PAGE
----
Trade Show TalesBlog

Posts Tagged ‘tradeshow tips’

Seven Questions You’ll Never Ask About Your Trade Show Display

October 13th, 2015 COMMENTS

Questions

Do you believe the expression “There’s no substitute for experience”?

It’s true, but experience without context is worthless. For example, let’s say you live in Topeka, KS. You’ve tried all the pizza shops in Topeka. From your experience, Johnny’s Pizza is the best pizza anywhere. Now I could be wrong, but I suspect there are a few New Yorkers, Bostonians, or Chicagoans who would disagree. But what do they know… they haven’t tried Johnny’s Pizza?

We’ll concede that you know Topeka pizzas. Now, it’s time to buy a trade show display. Unlike lawn mowers, cameras, or smartphones, there’s no Consumer Reports and your experience is limited. So, you do your research on the web, and if you are smart, you consult with a trade show exhibit professional. You ask the right questions about design, assembly, and how much it weighs. You even ask to see the warranty.

However, there are questions you won’t ask. How do I know? Because no exhibit manager has ever asked me these questions… and they should.

Q1. Will the Metal Look the Same After 10 Shows?

Have you ever bought a screwdriver at a discount store only to have the tip twist? So you throw it away and realize that a Kraftsman isn’t a Craftsman. About 60-70% of all trade show exhibits have a skeleton of aluminum extrusion. Sometimes it’s visible, sometimes not. The dirty little secret is that it’s cheaper to use low quality extrusions with thin walls and a sub-par finish. Over time, it distorts, mars, and looks tarnished. Your new booth becomes a used booth before you’ve wrapped-up your current marketing campaign.

Ask about the manufacturer of the extrusion? There are recognized names and then there are Kraftsman. You may not recognize the name but that’s the beauty of Google. If someone tells you, “an extrusion is an extrusion,” walk away.

Q2. What’s the Quality of the Fabric Graphics

The rise of Fast Fashion has revolutionized the apparel industry (think H&M and Forever 21).  There’s a market for disposable fashion. It’s cheap and attractive. But no one expects it to last or have the attention to detail of high-quality apparel.

Fabric for graphics, like clothing, is not all the same. Most inexpensive displays are shrouded with thin, stretchy fabric made with low quality zippers or cheap velcro. And yes, there’s a pecking order to hook and loop as well. The fabric graphic is meant to be disposable… even if it’s not sold that way. You can feel the difference. Trust your hand.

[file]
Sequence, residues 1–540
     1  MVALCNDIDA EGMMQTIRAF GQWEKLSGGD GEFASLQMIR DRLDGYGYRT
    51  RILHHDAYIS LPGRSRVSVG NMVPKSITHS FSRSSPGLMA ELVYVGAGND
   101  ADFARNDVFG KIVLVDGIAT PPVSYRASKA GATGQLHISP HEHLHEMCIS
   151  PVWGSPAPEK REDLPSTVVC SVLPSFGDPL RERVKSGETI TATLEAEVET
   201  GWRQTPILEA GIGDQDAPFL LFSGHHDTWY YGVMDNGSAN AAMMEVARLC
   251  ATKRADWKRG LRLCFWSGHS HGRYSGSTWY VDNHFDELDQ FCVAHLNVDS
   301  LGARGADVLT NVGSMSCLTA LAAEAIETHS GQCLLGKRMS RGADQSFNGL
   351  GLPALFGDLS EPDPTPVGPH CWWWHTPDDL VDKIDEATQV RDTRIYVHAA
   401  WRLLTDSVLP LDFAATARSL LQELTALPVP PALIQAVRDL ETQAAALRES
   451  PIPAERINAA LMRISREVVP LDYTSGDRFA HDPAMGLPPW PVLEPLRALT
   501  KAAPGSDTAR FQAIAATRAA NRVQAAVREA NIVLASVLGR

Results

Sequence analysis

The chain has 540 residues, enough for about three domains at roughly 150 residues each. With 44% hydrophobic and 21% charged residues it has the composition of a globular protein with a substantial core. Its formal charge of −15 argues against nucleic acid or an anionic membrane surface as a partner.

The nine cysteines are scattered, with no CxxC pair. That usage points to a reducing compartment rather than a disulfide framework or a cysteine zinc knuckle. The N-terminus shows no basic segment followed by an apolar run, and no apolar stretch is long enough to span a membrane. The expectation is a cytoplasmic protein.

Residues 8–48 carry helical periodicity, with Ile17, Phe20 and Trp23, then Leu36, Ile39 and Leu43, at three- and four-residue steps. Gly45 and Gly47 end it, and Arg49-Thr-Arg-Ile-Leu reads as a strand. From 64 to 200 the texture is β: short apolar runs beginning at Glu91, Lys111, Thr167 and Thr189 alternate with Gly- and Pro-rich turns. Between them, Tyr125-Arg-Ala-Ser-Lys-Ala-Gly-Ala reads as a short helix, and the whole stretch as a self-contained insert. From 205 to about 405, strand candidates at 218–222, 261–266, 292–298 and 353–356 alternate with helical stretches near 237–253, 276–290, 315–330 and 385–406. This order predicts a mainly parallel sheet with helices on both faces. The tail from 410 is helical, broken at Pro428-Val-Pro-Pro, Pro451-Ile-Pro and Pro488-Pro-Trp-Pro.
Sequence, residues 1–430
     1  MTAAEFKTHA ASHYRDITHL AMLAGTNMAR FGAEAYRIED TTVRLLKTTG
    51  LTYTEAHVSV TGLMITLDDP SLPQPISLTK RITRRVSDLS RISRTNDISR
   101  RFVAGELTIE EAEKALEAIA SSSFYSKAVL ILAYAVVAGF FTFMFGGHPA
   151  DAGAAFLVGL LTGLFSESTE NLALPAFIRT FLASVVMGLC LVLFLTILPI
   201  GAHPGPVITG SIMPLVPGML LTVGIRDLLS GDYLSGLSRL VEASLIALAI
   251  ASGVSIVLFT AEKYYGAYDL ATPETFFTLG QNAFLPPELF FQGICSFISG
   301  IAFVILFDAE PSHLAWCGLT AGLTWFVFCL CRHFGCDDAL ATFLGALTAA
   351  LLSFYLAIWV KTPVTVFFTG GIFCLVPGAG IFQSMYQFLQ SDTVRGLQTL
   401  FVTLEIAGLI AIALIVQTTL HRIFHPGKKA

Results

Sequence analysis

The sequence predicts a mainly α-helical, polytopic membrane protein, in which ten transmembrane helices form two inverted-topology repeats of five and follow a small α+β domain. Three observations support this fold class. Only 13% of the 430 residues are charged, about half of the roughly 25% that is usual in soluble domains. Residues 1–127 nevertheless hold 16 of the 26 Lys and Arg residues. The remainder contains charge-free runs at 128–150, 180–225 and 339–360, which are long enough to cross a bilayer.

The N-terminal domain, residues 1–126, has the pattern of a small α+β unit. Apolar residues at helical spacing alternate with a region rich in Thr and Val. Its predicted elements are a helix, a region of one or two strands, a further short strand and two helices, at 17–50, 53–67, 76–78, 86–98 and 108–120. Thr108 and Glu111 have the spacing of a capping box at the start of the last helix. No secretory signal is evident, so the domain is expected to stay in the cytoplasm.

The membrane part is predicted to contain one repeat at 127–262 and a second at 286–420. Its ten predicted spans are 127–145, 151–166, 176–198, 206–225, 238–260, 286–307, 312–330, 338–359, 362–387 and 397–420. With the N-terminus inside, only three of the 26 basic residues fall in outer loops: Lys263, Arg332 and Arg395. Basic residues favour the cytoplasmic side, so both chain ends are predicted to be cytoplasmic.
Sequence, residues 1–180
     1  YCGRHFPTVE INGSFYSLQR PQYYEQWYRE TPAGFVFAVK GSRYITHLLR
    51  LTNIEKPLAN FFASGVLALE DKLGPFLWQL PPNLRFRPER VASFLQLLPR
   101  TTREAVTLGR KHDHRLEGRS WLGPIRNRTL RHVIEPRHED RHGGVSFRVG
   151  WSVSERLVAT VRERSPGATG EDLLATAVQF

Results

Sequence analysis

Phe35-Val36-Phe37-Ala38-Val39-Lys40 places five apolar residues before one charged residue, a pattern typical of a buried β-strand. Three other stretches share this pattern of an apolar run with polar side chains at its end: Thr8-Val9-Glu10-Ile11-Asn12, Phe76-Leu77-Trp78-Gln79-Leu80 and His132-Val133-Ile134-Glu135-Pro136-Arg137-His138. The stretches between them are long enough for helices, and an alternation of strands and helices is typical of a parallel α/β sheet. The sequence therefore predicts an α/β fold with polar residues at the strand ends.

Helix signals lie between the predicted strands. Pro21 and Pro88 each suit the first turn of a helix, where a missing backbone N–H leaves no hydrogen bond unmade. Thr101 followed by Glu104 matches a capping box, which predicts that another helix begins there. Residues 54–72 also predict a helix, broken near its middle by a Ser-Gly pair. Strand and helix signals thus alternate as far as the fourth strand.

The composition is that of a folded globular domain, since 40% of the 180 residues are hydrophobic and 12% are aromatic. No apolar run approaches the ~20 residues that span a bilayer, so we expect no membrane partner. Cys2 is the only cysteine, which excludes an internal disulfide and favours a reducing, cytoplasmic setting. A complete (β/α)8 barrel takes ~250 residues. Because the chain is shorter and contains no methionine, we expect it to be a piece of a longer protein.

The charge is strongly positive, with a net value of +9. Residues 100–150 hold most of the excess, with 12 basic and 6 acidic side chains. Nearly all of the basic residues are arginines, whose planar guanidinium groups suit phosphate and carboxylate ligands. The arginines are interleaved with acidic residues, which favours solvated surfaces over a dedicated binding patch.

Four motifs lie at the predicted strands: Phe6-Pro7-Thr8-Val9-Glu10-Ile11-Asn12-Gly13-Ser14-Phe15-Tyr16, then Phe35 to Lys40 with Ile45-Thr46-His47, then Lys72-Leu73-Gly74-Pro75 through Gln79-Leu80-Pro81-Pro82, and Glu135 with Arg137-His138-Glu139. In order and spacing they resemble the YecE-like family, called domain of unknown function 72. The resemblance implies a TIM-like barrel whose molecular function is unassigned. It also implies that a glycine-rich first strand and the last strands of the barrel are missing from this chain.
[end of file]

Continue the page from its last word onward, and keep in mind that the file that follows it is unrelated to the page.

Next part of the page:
Q3. What’s the Quality of the Fabric Printing

One ever thinks about this but they should. Dye-sublimated printing, the predominant type of printing for fabric graphics, is a high-tech process. And with any technology, the latest and greatest is old news in about 12-18 months. The previous generation of dye-sub printers get sold to second or third-tier printers. If you’ve ever seen the difference between an HD dye-sub graphic and a 4-color one, you know what I mean. Skin tones are more realistic. Black is black not dark grey. There’s no color banding . You get the picture.

Ask when was the printer was manufactured (not re-manufactured or purchased). And even if it’s only been owned by a little old lady in Pasadena and stored in a garage, it’s still an AMC Hornet.

Q4. Is the Packaging Material Reusable?

You just bought a new pair of Beats by Dre headphones. They sound great, but you’ve decide you want them in black and not fushia. Good luck getting it back in the packaging. It was meant for marketing, not for re-marketing. Far too many trade show displays are packed to prevent damage before the first show. But what about damage after the second, third, or thirty-third show?

High-quality reusable packaging costs more than bubble wrap and thin foam. Smart, well-engineered packaging is like finding $20 in your wedding, funeral, and holiday party pants. It’s an unexpected miracle that keeps on giving.